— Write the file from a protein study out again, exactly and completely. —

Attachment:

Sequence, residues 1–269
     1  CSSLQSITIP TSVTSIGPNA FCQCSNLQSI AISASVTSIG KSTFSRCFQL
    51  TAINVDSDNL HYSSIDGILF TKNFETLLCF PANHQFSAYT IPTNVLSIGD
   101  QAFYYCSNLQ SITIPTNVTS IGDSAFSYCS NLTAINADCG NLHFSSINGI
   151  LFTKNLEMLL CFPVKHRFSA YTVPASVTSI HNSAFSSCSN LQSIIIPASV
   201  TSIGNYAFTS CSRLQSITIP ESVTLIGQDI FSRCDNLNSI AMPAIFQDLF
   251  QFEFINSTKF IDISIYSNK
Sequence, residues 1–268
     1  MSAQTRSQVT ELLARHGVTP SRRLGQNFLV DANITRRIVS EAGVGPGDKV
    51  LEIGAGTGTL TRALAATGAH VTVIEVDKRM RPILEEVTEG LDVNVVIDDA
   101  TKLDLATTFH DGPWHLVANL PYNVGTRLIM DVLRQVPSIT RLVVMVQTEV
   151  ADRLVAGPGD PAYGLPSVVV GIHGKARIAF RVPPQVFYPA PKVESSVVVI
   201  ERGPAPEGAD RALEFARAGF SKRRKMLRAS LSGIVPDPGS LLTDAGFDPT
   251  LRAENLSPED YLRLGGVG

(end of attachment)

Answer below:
Sequence, residues 1–269
     1  CSSLQSITIP TSVTSIGPNA FCQCSNLQSI AISASVTSIG KSTFSRCFQL
    51  TAINVDSDNL HYSSIDGILF TKNFETLLCF PANHQFSAYT IPTNVLSIGD
   101  QAFYYCSNLQ SITIPTNVTS IGDSAFSYCS NLTAINADCG NLHFSSINGI
   151  LFTKNLEMLL CFPVKHRFSA YTVPASVTSI HNSAFSSCSN LQSIIIPASV
   201  TSIGNYAFTS CSRLQSITIP ESVTLIGQDI FSRCDNLNSI AMPAIFQDLF
   251  QFEFINSTKF IDISIYSNK
Sequence, residues 1–268
     1  MSAQTRSQVT ELLARHGVTP SRRLGQNFLV DANITRRIVS EAGVGPGDKV
    51  LEIGAGTGTL TRALAATGAH VTVIEVDKRM RPILEEVTEG LDVNVVIDDA
   101  TKLDLATTFH DGPWHLVANL PYNVGTRLIM DVLRQVPSIT RLVVMVQTEV
   151  ADRLVAGPGD PAYGLPSVVV GIHGKARIAF RVPPQVFYPA PKVESSVVVI
   201  ERGPAPEGAD RALEFARAGF SKRRKMLRAS LSGIVPDPGS LLTDAGFDPT
   251  LRAENLSPED YLRLGGVG